, of the Academy by the number of its publications. It would weary you were I to enumerate the titles of the periodical and other publications issued by it. I will merely point out that the Academy has the exclusive use of a large printing-house which employs some hundreds of workmen ; but even this establishment is unable to deal with the whole of the material supplied by the members. All the contributions and books printed by the Academy are subjected to a'vigorous censorship by the Academy itself, which determines their scientific value; and they are only printed after they have been accepted at the General Meeting of the Department.
Nor is the work of the eleven Universities of Russia (Moscow, Petrograd, Kazan, Kieff, Odessa, Harkoff, Perm, Saratof, Tomsk, Warsaw (now Voronezh), Jurieff (Dorpat)) less productive. As regards their constitution, these universities most closely resemble the German model, but they have their own peculiarities which are chiefly due to their local position and their history. The General Boards of Professors which govern the universities do their best not only to transmit knowledge to the students, but also to make the universities so many laboratories in which learned enquiry can be pursued. The academic qualifications demanded of a professor are of a more stringent nature than is customary in Western Europe or in America. On leaving the University, every candidate for a professorship is obliged to pass a severe and complicated examination in his special subject. He is further obliged to write, print and defend two original learned theses at a public meeting of his faculty. He thus becomes possessed, one after the other, of the degrees of Master and Doctor. The standard demanded in these theses becomes higher every year. Only Doctors of the corresponding branches are entitled to Chairs in the University. It is the aim of the University to create as many learned workers as possible. The most capable students remain attached to the University in some permanent way. They receive bursaries and are sent abroad so that they may embark upon original work of their own. Every attempt is made to secure the best possible libraries, laboratories and clinics in every university. Excellent work is done in the medical faculties. The Institute of Experimental Medicine in Petrograd, the Military Medical Academy in the same city, the clinics of Moscow and Odessa, have always been, and are now, true seminaries of scientific knowledge. Good work is done in the fostering of scholarship among the students by the so-called Seminaria,' which possess special libraries. In each seminary the students form a group round the professor, and are engaged on advanced studies.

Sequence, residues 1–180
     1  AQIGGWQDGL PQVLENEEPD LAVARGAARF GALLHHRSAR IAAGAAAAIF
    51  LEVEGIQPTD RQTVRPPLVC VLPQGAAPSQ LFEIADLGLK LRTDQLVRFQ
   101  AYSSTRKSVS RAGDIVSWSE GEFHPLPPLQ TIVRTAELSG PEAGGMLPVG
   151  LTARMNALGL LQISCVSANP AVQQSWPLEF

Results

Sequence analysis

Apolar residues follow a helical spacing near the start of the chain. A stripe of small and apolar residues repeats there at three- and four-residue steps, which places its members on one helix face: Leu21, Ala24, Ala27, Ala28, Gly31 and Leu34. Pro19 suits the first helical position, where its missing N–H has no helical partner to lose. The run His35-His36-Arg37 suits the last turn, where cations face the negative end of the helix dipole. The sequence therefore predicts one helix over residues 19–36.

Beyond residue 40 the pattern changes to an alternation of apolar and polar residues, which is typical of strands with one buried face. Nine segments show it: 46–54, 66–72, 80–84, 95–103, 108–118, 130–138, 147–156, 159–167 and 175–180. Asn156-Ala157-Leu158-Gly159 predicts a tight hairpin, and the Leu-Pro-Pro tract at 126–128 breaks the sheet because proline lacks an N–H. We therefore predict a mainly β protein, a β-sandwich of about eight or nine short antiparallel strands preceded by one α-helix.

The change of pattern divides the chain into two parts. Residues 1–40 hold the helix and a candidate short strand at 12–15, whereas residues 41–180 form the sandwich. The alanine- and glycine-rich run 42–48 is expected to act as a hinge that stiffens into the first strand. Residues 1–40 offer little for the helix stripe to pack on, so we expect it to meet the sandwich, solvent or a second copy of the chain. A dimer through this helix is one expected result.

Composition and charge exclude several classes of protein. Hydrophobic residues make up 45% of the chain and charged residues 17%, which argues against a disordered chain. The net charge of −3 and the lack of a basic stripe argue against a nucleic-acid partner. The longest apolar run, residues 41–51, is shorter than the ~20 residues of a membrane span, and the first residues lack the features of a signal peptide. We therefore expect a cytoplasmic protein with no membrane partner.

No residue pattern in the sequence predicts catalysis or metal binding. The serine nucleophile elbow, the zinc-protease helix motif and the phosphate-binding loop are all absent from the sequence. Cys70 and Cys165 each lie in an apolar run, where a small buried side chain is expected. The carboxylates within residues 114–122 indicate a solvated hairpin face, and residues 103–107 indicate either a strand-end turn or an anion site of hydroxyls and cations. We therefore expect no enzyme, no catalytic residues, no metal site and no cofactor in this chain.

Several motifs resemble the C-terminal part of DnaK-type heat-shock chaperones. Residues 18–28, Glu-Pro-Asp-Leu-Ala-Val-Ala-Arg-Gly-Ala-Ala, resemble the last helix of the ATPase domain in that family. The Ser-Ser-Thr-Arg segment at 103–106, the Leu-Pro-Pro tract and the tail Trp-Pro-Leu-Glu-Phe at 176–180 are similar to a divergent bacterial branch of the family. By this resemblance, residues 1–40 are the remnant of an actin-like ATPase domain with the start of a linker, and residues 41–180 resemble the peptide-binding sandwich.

The line of development which characterises the universities hitherto open to men only is also to be observed in the courses of higher study open to women. Although of no very ancient standing--the oldest of them, that of Moscow, being only 150 years old—these universities have been no less active in the solving of learned problems than has been the Academy itself. To these universities we are indebted not only for a series of wonderful discoveries, but also for the deepening and broadening of our knowledge of Russia itself. We also